If you want to use Vista as your main operating system, we'd suggest buying a PC -- it will be much cheaper.
There are two ways to run Boot Camp (a free download from Apple) to install Vista on a separate partition to . The second is to install Parallels Desktop for Mac (US$49), which is virtualisation software which emulates Windows Vista under Mac OS X.on a Mac. The first is a dual-boot scenario using
I use a MacBook Pro at work and use Mac OS X as my primary operating system. I only load up Vista under Parallels to test our site in Internet Explorer -- it's more convenient than rebooting every time into Vista (the Boot Camp option). You don't want to run it full time in Parallels as it takes up so much memory. It also takes a while to boot up the operating system in Parallels under OS X to run a single application such as IE. There is a maximum amount of memory you can assign for Vista in Parallels, too: 1.5GB of RAM, 32MB graphics memory -- not enough to get the pretty Aero effects and certainly not enough for serious gaming/DirectX apps.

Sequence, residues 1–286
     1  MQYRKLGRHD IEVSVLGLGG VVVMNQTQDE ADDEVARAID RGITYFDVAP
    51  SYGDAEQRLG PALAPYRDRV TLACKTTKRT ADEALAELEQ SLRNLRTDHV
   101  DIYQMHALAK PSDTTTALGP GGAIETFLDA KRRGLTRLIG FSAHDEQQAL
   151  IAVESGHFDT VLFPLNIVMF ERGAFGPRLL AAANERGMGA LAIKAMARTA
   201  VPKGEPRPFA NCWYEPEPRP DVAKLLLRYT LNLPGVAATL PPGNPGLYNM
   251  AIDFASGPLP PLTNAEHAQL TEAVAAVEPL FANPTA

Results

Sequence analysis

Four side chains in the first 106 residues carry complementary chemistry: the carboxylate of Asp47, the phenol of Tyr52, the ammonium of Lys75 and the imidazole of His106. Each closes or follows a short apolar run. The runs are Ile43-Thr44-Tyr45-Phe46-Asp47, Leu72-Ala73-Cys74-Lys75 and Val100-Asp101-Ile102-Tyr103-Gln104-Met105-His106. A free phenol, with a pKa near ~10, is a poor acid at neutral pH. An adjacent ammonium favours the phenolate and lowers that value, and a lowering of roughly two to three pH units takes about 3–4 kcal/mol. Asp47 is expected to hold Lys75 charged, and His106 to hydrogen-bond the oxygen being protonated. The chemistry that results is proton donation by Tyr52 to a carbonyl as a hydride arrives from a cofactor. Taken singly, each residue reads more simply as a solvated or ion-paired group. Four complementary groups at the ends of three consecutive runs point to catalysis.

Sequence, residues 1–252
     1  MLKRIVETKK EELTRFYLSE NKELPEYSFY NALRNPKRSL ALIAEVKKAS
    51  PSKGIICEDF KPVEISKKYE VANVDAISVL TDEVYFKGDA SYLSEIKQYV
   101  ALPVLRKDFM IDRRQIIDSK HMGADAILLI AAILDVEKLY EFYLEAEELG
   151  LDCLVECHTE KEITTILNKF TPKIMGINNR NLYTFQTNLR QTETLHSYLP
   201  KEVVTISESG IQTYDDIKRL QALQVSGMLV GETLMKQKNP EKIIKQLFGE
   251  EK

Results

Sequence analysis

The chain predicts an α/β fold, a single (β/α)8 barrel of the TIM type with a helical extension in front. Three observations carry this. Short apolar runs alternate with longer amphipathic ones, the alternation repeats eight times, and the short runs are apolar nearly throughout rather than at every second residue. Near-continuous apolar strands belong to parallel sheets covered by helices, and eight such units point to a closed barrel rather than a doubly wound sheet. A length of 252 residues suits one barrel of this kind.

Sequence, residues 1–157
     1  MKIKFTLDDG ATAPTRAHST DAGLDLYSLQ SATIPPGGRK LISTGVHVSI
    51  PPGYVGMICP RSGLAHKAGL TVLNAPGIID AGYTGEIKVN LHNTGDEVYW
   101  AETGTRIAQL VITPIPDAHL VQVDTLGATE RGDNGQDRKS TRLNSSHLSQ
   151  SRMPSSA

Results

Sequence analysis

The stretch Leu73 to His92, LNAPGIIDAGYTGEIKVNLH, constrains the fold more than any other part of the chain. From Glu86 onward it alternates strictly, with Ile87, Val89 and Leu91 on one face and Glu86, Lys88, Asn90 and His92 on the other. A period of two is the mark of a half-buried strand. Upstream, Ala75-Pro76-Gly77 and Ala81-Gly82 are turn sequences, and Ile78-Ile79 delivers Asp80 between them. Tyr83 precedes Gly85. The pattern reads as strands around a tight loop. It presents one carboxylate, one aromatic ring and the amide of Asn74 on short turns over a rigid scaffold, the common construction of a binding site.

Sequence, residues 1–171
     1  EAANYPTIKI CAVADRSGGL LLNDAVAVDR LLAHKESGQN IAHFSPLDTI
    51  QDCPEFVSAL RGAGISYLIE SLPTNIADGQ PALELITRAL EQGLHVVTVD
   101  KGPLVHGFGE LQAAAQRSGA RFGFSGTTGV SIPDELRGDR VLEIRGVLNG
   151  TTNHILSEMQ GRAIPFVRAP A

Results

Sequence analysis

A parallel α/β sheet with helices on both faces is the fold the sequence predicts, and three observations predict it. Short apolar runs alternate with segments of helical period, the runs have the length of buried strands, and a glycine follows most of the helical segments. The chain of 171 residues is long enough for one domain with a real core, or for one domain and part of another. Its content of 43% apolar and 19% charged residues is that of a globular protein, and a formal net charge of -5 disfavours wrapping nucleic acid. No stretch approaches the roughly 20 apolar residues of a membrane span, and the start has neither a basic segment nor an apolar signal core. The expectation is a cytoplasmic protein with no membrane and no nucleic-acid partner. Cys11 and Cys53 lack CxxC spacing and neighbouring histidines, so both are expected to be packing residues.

Boot Camp, on the other hand, is not virtualisation software: you choose at startup which operating system to run by holding down the option key (and you have to assign one as the default when installing Vista). Apple doesn't officially support Boot Camp or Windows at this stage (the software is still in beta), nor does it sell Vista with its Macs. Also, not all of the Mac components -- remote control, motion sensor, light sensor -- work under Vista because of driver problems.
No matter if you use Parallels or Boot Camp you'll need to factor in the cost of Vista ($385-$751) as a separate purchase for a Mac.